Baptism in the Jordan

A couple of years ago I had the privilege of taking a trip to Israel with our church in the Bronx. This was one of the most impactful experiences of my life. I would never have time to tell everything that I experienced on that trip. However, I do want to share one story that I believe can inspire you.

On our trip, part of our itinerary was to do baptisms in the Jordan River. I along with Pastor Reggie, one of the other pastors on the trip, was performing the baptisms for anyone in our group that wanted to be baptized in the Jordan.

I’ve attached a picture with this blog of the area where we were being baptized, but this picture does not give the true story of my experience. So, let me give a little background information for those who have never seen or touched the waters of the Jordan River.

First of all, the Jordan River is extremely dirty. Second, there were animals swimming around in the water that I have never seen before (two water rats the size of a beaver). Third, the water was so cold that after being in the river for one minute, I was no longer able to feel when my feet were actually touching the ground. This was by far the coldest water I have ever been in.

We baptized around 30 people that day from our group, and I wanted the experience of being baptized in the Jordan as well. I would love to tell you that it was an intensely moving experience, and that I came up out of the water filled with the anointing of the Holy Spirit. But that didn’t happen for me. I came up out of the water and couldn’t wait to warm up and put on some clean dry clothes.

Just as we were leaving the water, a gentleman came up and asked if we would be willing to baptize him. He was traveling with his family and wanted to be baptized, but did not have anyone to baptize him. We agreed, and baptized him that day in the Jordan River.

Later that day, after my feet and legs thawed out, Pastor Reggie and I were talking about the experience and we were talking about the fact that we wished we had gotten more information from the man who came and asked us to baptize him. The truth is, we were so distracted by the water and experience that we didn’t even find out his name.

Two days later, we went to the Wailing Wall in Jerusalem. I had spent some time praying at the wall, and to say it was a moving experience would be an understatement. As I was leaving the prayer area, the man that we had baptized in the Jordan was walking into the prayer area near the wall. He saw me first, and came running up to me.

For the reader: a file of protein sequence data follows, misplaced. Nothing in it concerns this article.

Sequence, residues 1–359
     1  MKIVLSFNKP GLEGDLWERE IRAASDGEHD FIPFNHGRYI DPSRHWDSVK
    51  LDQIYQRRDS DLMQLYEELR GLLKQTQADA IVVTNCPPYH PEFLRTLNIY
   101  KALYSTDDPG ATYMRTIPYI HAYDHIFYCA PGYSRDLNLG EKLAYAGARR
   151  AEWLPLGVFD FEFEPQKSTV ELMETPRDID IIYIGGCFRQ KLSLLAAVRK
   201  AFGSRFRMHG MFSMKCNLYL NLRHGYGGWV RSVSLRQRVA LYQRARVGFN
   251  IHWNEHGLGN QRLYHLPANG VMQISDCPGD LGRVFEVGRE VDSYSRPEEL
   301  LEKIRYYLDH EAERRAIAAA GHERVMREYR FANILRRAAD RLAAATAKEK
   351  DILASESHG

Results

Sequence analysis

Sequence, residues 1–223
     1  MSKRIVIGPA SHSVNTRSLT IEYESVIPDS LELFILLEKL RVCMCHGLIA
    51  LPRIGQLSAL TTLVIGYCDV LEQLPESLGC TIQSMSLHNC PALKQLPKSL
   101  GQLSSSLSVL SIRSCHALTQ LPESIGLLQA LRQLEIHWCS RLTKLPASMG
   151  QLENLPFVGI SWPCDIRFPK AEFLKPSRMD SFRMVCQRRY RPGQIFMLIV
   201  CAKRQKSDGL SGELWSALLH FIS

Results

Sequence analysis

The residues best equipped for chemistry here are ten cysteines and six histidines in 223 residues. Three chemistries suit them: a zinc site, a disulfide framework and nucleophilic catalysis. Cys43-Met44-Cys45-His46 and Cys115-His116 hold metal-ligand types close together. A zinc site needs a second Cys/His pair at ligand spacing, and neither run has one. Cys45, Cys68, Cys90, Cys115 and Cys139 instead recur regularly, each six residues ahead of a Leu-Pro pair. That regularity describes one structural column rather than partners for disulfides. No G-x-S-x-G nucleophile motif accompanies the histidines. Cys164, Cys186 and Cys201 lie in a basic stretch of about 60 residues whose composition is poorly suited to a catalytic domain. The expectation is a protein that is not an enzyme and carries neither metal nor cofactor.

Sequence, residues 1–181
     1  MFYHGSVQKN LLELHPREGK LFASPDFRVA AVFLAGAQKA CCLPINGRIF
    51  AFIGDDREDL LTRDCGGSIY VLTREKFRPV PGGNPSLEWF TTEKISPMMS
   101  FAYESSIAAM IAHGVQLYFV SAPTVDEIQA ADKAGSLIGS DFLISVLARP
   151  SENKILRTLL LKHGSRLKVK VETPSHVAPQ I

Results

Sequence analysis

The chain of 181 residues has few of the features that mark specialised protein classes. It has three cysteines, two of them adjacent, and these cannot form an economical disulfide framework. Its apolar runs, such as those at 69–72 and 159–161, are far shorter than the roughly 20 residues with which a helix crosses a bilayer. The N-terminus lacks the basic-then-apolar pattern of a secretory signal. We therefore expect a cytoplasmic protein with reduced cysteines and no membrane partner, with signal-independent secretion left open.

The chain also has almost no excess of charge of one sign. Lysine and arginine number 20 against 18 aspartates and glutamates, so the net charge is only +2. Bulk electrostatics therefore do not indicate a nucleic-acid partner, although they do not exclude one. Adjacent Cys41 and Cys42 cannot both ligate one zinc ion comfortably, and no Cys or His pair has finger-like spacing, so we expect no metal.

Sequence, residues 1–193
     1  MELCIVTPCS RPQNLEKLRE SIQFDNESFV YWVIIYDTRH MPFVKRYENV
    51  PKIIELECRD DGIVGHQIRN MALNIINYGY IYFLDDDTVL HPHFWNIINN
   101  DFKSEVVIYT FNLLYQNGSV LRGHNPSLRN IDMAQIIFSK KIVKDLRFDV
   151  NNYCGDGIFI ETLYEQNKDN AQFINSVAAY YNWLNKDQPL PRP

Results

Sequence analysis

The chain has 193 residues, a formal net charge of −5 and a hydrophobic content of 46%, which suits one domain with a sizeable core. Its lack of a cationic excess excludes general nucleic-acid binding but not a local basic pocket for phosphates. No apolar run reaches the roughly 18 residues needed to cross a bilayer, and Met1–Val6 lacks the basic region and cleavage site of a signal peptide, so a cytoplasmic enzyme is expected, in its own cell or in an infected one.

We talked for a few minutes and even took a picture together. I found out his name was David, and he was from South Africa. He was a strong believer in Jesus, and like me, he had always wanted the experience of being baptized in the Jordan.

This was a great experience. I got to find out his name and a little more about him. However, that was the last contact I ever had with him. At this point, I would have no idea if he is still in church, or even alive for that matter. I had an experience with him, but there was never the establishment of a relationship. There was never any community experience. However, I lived in community with the 30 or so others that were baptized that day.

I prayed with them when they were in need. I cried with them when they were hurt. I laughed with them in times of joy. I celebrated with them in times of victory. We played sports together, learned the Bible together, went to lunch together, etc.

Let’s tie this all together. Living life in community is vital for the believer. I have no idea what is happening in David’s life today, but I still have ongoing communication and relationships with others who were there. Why? Because I never lived life in community with David, but I did with the others.

Developing a strong community of loving relationships is our lifeline as a church. This is where we will find support, acceptance, direction, and knowledge. In a word, discipleship. Discipleship is done in community. Let’s work together to build a strong loving community of believers at South Hills Assembly.

Shalom,

Pastor Kendall